Cover Aria d’Italia, 1940 (Edizioni Daria Guarnati)
Sketch of a fabric design for Manifattura Jsa, Collezione Fede Grampa Branchini
Originally Published on Domus Gio Ponti / 2008
In half a century of professional practice, from 1928 when Domus was founded, to 1978 when the magazine published the last of his articles, this Milanese architect wrote an impressive amount of commentary on his own work and that of others, as well as introductions, aphorisms, observations and editorial notes, plus countless simple and precise captions for illustrations.
The reasons for his insatiable need to express himself in writing might be found in the very special professional combination of being an architect working in Italy between the 1920s and ’70s, and the editor-in-chief of a monthly review on architecture and design. Reading Ponti’s output, including the innumerable letters he wrote, makes it possible to discern the very subtle fabric of his architectural thought and discover the meaningful relationship between his writing and his design work. It is quite clear, for example, looking at his comments that accompanied the publication of his projects, that he practised the craft of writing to verify and direct the different design phases. As if his projects were patiently drawn out by the words that described them.
When the first model of his house “La Diamantina” for the Arreaza family in Caracas was published in Domus (issue 304, 1955) Ponti wrote: “This is a neighbourhood of privileged residents, a hortus conclusus where the landscape is made of houses that are respectfully scattered among trees and meadows, expressing a way of life that is not just part of a privileged situation, but also testifies to living deliberately immersed in nature. This does not point to a brutally and proudly hedonistic aspect of society and mundane ostentation, but the choice to lead a natural life whose days and physical existence are rooted in greenery and the practising of outdoor sports.” And behold, the call to “natural living” is embodied in Ponti’s built project, published three years later: “From above, the house looks like a butterfly lighting on a meadow. (...) This is how I wanted it,” he concludes.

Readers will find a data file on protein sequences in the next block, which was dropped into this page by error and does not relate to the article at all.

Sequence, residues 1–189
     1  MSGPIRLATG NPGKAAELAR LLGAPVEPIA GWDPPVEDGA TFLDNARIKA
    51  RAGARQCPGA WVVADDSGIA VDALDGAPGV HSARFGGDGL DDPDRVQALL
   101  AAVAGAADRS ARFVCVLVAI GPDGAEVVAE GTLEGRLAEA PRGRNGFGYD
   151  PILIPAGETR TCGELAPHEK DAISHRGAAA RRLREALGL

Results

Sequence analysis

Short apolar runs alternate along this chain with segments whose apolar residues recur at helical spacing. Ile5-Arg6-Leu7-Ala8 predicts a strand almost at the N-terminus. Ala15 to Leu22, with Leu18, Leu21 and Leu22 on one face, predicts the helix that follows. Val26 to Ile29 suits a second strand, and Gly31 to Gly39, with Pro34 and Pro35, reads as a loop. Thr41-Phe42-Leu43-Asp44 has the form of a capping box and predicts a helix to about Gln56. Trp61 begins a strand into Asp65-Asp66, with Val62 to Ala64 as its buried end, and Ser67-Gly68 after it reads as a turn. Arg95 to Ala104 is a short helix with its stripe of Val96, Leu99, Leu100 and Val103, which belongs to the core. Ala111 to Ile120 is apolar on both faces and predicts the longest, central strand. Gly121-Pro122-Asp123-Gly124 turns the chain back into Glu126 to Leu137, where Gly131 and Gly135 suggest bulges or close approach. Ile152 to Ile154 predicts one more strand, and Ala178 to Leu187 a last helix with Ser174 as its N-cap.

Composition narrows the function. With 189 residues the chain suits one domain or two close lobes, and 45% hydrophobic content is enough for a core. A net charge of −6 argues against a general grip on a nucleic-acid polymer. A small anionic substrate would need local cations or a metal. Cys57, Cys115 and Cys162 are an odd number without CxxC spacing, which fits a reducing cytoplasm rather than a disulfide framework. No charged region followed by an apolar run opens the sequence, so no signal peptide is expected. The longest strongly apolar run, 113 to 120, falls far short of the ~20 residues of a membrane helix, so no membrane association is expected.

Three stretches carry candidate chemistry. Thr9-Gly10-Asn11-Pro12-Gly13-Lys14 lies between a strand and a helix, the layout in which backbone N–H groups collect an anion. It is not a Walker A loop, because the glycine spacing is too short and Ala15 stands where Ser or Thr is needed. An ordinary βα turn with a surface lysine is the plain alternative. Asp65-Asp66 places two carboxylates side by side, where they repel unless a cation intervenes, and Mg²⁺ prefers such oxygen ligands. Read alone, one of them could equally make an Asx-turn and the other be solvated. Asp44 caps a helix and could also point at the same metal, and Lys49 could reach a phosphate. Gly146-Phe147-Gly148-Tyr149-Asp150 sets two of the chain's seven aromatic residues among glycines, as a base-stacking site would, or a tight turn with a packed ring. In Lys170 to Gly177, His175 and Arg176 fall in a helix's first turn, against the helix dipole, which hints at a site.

But besides its specifically professional aspect, which of course merits a different type of examination, Ponti’s “style” of writing airs his critical thought by means of a highly personal model that has great com- municative effectiveness. Ponti did not write about architecture as Roberto Longhi wrote about painting and sculpture, in other words he did not use literature as if “literature were a science”, to use one of Cesare Garboli’s fine expressions. Rather, Ponti made use of literature to establish a more intimate and private contact with his readers. He wrote about architecture to let everybody become acquainted with the beauty of Architecture (always written with a capital “A”) and he did so with few and simple adjectives that successfully describe the “original” nature of things.
This is why his architectural projects are accompanied by first-person commentaries that portray well-designed results as “highly beautiful”, “brilliant and most practical inventions” that give rise to “enthusiasm” and produce “happiness”, meaning that their “expression” is “true”. As we can read in his book Amate l’Architettura (In Praise of Architecture, 1957), “The crime of making inadequate buildings is not Architecture.”
And so, Ponti’s writings are the many pages of a long autobiographical diary, where real life is fused with that of an architect who designs and builds, with that of a critic who comments on his friends’ work, and with that of the women and men who live and want to “love” these constructed thoughts. “A true Architect falls in love with the inhabitants of each house he builds or decorates.”
Federico Bucci, architect, teaches History of Contemporary Architecture at Milan Polytechnic’s Faculty of Civil Architecture. He edited various books and curated a number of exhibitions and (“Franco Albini”, Milan 2005).